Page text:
http://martinpaljak.net/OpenSC-MacOSX.png

>> If I have one doubt, it's concerning the last section - am I right in
>> positing that there are two tokend's supplied by OpenSC: one for backwards
>> compatibility with Mozilla and SSH (PKCS#11), and one for integration with
>> Apple's CDSA security implementation (OpenSC)?

There's just one tokend, OpenSC.tokend and it is not used by Mozilla or SSH (at least not directly) but with native OS X applications like Mail.app and Safari (and logon).


>> If that's the case, I have a second question.  The instructions at gooze.eu
>> rely on the use of the PKCS#11 tokend, so far as I can tell, but I'm not a
>> Mozilla user.
Don't know about those instructions or if they are valid.


>>  So, how do I go about setting up a Smart Card for
>> compatibility with the OpenSC tokend, and therefore direct compatibility
>> with Apple's tokend implementation?  Are there instructions for that
>> somewhere?

Once you have initialized a token with OpenSC (which at this time means using pkcs15-init) your card enters a "ready for use, (mostly) read only" stage which means it is usable via either PKCS#11 as provided by the OpenSC implementation or native Mac applications via OpenSC.tokend. There are no extra introductions for using OpenSC.tokend, the instructions would be generic "how to use mac apps" like Safari or Mail.app with encryption or authentication.



>
> CDSA (Common Data Security Architecture) is not a proprietary
> technology. The specs are public [1]. But only Apple uses it AFAIK.

It is like ObjC - in theory it is not a proprietary language but I don't know any other major incarnation of ObjC than Apple.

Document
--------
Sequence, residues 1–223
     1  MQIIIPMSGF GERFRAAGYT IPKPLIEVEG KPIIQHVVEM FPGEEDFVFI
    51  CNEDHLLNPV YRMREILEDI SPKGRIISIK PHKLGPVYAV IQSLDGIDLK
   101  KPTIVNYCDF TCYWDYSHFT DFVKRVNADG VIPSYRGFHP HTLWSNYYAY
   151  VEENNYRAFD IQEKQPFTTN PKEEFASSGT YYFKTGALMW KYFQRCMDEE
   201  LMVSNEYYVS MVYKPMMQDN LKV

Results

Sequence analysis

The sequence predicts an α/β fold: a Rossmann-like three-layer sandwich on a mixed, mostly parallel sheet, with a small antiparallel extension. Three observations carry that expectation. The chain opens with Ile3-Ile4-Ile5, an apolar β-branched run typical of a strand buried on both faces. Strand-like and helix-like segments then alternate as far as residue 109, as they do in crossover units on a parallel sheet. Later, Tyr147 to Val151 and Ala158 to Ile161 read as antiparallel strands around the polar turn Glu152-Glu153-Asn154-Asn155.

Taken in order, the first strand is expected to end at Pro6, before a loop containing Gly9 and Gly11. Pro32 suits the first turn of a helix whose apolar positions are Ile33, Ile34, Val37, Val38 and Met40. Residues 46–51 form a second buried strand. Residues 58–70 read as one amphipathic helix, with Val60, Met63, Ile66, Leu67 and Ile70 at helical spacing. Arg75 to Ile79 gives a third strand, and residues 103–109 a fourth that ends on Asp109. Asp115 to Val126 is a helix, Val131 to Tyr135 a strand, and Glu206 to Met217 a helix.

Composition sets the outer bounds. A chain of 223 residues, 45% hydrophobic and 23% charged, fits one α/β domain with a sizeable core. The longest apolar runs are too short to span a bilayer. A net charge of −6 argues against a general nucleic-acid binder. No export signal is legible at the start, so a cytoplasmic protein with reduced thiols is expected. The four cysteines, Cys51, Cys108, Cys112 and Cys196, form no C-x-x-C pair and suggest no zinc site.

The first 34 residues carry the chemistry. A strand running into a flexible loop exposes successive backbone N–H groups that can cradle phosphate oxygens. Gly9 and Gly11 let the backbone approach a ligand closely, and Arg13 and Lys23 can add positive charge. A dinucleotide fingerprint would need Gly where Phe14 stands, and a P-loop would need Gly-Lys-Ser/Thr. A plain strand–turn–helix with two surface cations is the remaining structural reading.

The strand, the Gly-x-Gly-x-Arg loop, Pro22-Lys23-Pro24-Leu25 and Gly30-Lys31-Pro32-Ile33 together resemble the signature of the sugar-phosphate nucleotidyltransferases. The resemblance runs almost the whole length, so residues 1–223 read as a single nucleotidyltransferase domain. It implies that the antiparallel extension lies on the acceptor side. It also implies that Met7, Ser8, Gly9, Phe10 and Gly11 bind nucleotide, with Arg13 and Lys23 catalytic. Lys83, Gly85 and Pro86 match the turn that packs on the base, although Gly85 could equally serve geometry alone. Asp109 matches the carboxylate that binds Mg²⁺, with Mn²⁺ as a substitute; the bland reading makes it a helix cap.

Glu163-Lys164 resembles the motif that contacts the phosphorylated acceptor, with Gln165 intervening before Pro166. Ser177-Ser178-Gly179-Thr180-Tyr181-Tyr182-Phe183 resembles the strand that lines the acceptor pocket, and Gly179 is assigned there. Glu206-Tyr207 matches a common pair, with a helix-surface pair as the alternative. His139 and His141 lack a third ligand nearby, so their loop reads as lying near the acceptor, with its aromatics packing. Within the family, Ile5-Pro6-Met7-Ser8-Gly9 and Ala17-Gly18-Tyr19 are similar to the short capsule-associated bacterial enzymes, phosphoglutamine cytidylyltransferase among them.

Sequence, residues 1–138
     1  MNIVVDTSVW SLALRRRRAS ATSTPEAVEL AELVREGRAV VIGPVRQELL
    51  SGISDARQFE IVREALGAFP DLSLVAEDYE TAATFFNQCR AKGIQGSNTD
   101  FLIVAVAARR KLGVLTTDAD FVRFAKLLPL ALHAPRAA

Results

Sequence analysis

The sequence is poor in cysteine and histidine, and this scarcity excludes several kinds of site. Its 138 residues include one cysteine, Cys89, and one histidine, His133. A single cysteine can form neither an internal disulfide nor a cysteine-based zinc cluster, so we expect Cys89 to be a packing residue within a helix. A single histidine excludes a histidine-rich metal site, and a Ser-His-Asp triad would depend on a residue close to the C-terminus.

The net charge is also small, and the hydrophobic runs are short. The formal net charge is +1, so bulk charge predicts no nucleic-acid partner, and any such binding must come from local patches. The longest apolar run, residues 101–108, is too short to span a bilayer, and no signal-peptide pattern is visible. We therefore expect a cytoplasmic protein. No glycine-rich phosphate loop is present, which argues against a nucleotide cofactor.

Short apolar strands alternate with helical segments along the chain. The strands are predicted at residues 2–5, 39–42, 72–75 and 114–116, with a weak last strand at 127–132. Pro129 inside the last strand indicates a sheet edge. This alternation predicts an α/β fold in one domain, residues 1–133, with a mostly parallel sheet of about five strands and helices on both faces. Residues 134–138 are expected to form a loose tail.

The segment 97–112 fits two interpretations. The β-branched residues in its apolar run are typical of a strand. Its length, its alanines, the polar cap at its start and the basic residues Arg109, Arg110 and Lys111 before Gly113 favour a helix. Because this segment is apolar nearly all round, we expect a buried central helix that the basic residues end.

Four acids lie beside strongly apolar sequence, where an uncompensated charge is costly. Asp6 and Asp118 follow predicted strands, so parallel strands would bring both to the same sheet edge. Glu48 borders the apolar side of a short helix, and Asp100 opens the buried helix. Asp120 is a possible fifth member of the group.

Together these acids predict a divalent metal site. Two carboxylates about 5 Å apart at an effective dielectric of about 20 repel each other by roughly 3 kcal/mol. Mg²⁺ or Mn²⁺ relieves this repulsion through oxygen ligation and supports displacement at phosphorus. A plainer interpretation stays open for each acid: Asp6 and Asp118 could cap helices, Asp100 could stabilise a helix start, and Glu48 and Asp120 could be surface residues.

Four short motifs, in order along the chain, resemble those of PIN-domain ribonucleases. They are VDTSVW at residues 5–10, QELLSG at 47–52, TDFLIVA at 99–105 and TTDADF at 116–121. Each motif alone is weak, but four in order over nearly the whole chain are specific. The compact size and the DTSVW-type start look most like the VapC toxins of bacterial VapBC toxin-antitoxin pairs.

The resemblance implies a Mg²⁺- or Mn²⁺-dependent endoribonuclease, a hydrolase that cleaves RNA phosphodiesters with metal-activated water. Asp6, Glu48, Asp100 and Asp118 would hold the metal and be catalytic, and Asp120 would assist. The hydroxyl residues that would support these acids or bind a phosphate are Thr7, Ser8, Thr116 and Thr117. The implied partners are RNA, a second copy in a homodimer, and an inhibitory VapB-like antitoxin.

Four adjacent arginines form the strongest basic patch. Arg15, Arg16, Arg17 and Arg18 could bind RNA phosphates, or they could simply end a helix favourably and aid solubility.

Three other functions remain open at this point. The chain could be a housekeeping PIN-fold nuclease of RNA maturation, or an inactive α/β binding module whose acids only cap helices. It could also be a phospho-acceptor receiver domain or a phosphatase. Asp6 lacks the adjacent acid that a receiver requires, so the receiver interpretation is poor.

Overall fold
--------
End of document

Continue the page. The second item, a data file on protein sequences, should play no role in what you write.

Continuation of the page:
--
Martin Paljak
http://martin.paljak.pri.ee
+3725156495


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Re: Smart Card diagram for beginners

SiR GadaBout
Hi,

Now that I've managed to get the Smart Card login working, I'll sit back and try to get a handle on what I've actually done.  Ludovic, thanks for the constructive criticism.  And Martin, thanks for your version of my diagram - that actually helps a lot, because you tied together all the parts that originate with OpenSC.

Kind regards,

S.

On 13 June 2010 12:38, Martin Paljak <[hidden email]> wrote:
Hello,

On Jun 13, 2010, at 11:55 , Ludovic Rousseau wrote:
> 2010/6/13 Simon Burrell <[hidden email]>:
Here's a quick re-make of your picture:

http://martinpaljak.net/OpenSC-MacOSX.png

>> If I have one doubt, it's concerning the last section - am I right in
>> positing that there are two tokend's supplied by OpenSC: one for backwards
>> compatibility with Mozilla and SSH (PKCS#11), and one for integration with
>> Apple's CDSA security implementation (OpenSC)?

There's just one tokend, OpenSC.tokend and it is not used by Mozilla or SSH (at least not directly) but with native OS X applications like Mail.app and Safari (and logon).


>> If that's the case, I have a second question.  The instructions at gooze.eu
>> rely on the use of the PKCS#11 tokend, so far as I can tell, but I'm not a
>> Mozilla user.
Don't know about those instructions or if they are valid.


>>  So, how do I go about setting up a Smart Card for
>> compatibility with the OpenSC tokend, and therefore direct compatibility
>> with Apple's tokend implementation?  Are there instructions for that
>> somewhere?

Once you have initialized a token with OpenSC (which at this time means using pkcs15-init) your card enters a "ready for use, (mostly) read only" stage which means it is usable via either PKCS#11 as provided by the OpenSC implementation or native Mac applications via OpenSC.tokend. There are no extra introductions for using OpenSC.tokend, the instructions would be generic "how to use mac apps" like Safari or Mail.app with encryption or authentication.



>
> CDSA (Common Data Security Architecture) is not a proprietary
> technology. The specs are public [1]. But only Apple uses it AFAIK.

It is like ObjC - in theory it is not a proprietary language but I don't know any other major incarnation of ObjC than Apple.

--
Martin Paljak
http://martin.paljak.pri.ee
+3725156495